Across the last three centuries, our world society has endlessly developed technologically, scientifically, and culturally, creating life as we know it. It is easy to mentally envision society’s development as a straight line progressing ever upwards, the end results ever more advanced. Yet the changes to our Earth as a result of these progressions’ heavy demand on the environment is creating an imbalance between available resources and resource consumption, hurrying us upwards towards a peak that will end in a colossal drop, signalling the collapse of society as we know it. Consequently, we need a fast and drastic shift in contemporary mindset to change society in order to save our world and ensure our continuation.
According to Johan Rockstrom, the executive director of the Stockholm Environment Institute, there are nine planetary boundaries forming an interdependent, interconnected whole that allows our planet to function the way it does. If one is upended, the rest will follow; yet out of the nine boundaries, three have been crossed: nitrogen flow, climate change, and biodiversity loss.
…global society must now move forward…
Eighty percent of dangerous nitrogen compounds now found in the atmosphere come from human activities. The replacement of fossil fuels with sustainable energy would reduce the negative nitrogen flow through the environment, which, in turn, would aid in helping to reducing the massive problem of climate change. The changes that will be seen in society due to the adoption of a low-carbon economy will dynamically differ from what we are used to. New transport systems will be invented and instigated, economies will learn to efficiently use and recycle waste materials, and new global powers may emerge.
The most important change, however, will come from a social and worldwide dependency. Elinor Ostrom, the 2009 Nobel Laureate in Economic Sciences, states global society must now move forward by building trusting relationships between local based partnerships, which, working together will create necessary changes on a local scale that will consequently create a worldwide impact.
…it is estimated that by 2100 half the world’s animal and plant species will become extinct…
Economies will change as the business and industrial sectors make new and efficient use of energy, create new policies, new technologies, and new world trade regulations. In the future, households may generate their own energy, which could cause the springing up of a myriad of personal business if householders choose to buy or sell energy.
Individuals could be both the consumers and the producers of energy and, with this new interdependency, will increase an understanding of energy security and develop a low-carbon economy that will help ensure global sustainability. If we fail to take appropriate action and continue our present course it is estimated that by 2100 half the world’s animal and plant species will become extinct.
…dangerously jeopardizing our existence…
In examining the effects of climate change on our world’s biodiversity, we’ve come to realize that we are dealing with biocide on a massive scale. The extinction and endangerment of not only known but undiscovered species is tearing the life-membrane (the various components of Earth that allows it to sustain life) that knits our world, dangerously jeopardizing our existence.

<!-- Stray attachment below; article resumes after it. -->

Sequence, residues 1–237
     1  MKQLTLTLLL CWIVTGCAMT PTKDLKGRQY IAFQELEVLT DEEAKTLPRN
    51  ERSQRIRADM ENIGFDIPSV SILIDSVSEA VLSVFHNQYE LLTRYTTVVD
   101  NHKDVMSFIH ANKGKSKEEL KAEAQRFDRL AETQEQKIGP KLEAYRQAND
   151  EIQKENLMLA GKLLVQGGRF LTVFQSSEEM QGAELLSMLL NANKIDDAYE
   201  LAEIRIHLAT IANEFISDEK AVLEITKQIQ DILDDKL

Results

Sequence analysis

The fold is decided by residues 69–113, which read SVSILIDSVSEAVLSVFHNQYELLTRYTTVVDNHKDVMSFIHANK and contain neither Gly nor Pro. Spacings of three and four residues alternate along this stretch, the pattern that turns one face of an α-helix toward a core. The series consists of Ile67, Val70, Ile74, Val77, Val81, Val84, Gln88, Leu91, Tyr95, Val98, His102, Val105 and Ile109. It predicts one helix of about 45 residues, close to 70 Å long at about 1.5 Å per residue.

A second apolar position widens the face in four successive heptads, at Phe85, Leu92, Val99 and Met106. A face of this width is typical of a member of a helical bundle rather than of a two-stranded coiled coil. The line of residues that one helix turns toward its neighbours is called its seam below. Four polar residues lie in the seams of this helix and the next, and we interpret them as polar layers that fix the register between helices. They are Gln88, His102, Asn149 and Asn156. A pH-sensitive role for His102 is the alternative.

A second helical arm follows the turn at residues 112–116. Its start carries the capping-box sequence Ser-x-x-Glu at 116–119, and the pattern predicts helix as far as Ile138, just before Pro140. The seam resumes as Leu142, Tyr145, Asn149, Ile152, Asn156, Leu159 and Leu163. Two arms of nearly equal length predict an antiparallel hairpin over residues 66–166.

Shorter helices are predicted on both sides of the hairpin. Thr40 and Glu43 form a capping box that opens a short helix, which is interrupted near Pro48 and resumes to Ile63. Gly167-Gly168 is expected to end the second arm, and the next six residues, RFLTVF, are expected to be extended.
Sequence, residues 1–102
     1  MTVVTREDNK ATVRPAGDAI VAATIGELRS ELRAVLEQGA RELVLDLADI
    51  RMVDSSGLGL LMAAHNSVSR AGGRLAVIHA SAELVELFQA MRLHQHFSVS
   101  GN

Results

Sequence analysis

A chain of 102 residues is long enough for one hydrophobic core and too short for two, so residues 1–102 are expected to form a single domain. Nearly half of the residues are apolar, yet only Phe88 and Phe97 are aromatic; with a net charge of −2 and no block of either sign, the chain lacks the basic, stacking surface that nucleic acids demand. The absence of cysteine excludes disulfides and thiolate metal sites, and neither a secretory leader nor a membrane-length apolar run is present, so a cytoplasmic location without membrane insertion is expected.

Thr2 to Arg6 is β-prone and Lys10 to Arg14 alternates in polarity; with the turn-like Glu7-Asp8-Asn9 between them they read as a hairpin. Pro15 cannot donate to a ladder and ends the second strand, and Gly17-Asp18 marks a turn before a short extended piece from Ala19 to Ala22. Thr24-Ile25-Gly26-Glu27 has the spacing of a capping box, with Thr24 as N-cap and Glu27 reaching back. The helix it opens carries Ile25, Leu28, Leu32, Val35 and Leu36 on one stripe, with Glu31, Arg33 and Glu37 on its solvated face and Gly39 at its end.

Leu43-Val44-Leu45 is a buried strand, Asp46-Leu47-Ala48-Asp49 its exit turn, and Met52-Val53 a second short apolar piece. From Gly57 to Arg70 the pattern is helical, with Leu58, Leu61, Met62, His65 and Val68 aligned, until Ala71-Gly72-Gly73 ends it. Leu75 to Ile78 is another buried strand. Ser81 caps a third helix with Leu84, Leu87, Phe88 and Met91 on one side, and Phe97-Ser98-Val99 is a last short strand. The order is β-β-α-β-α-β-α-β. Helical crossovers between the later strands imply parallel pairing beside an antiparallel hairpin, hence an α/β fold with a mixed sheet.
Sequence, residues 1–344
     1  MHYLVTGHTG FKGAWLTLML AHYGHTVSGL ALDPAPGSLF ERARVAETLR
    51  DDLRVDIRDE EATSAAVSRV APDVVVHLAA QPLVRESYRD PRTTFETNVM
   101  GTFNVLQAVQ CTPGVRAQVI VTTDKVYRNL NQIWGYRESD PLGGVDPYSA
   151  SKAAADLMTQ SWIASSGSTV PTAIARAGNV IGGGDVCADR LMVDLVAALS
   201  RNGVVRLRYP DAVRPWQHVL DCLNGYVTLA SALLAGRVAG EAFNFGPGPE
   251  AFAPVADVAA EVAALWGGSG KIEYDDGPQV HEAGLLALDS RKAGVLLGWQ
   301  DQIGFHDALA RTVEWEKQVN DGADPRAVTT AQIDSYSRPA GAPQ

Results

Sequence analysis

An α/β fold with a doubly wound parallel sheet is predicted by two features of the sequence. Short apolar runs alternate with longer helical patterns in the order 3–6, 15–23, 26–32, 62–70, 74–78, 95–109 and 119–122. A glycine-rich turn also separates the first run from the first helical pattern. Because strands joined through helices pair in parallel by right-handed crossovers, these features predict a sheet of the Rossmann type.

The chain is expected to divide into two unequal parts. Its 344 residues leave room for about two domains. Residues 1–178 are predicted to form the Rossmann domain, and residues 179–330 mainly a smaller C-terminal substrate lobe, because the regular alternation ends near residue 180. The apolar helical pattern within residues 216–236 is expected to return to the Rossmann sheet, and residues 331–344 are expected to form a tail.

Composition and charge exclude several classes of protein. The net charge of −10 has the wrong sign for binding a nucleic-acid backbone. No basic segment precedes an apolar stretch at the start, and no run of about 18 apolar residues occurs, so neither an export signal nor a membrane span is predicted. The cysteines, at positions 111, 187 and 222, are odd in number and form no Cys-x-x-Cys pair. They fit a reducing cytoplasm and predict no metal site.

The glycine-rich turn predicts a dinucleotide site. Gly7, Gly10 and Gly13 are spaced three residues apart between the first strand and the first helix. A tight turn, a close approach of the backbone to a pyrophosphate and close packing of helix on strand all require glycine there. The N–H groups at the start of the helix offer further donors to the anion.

To repair and preserve the life-membrane, parts of the scientific community have suggested introducing ‘megapreserves’ into society – giving large areas of land, called ‘reserve networks’, back to nature and wildlife to re-wild. While the idea is to globally establish megapreserves, The Wildlands Project in North America has set a goal to establish reserve networks across 50% of the North American continent, which will be made up of ‘cores’ (public lands such national forests and parks), ‘buffers’ (adjoining the cores to provide further animal protection), and ‘corridors’ to link it all together. However, to create a megapreserve our society has to drastically change. The theoretical buffers and corridors are planned to be taken from public and private lands based on the path of rivers and wildlife migration patterns.
…Society would have to drastically and generously adapt…
Consequently, there will be a removal of recreational and necessary societal constructs, including grazing land, oil and gas development, ski resorts, logging, motorized back country recreation, farming fields, ranches, suburban areas, factories, and perhaps going so far as evicting residential areas and re-routing major travel routes. Society would have to drastically and generously adapt to surrender bits of its development to conservation lands as well as to accommodate the idea of the re-introduction of wild animals near residential areas. Needless to say, re-wilding would mean a dramatic change to the human lifestyle.
So what will our society look like in 100 years? Will we even recognize it? Earth has been damaged to the point where it will not be able to repair itself without our active role in its healing and maintenance. Consequently, it is impossible that our current society can remain functioning the way it does without eventual future collapse. As Thoreau wrote, “In wildness is the preservation of the world.”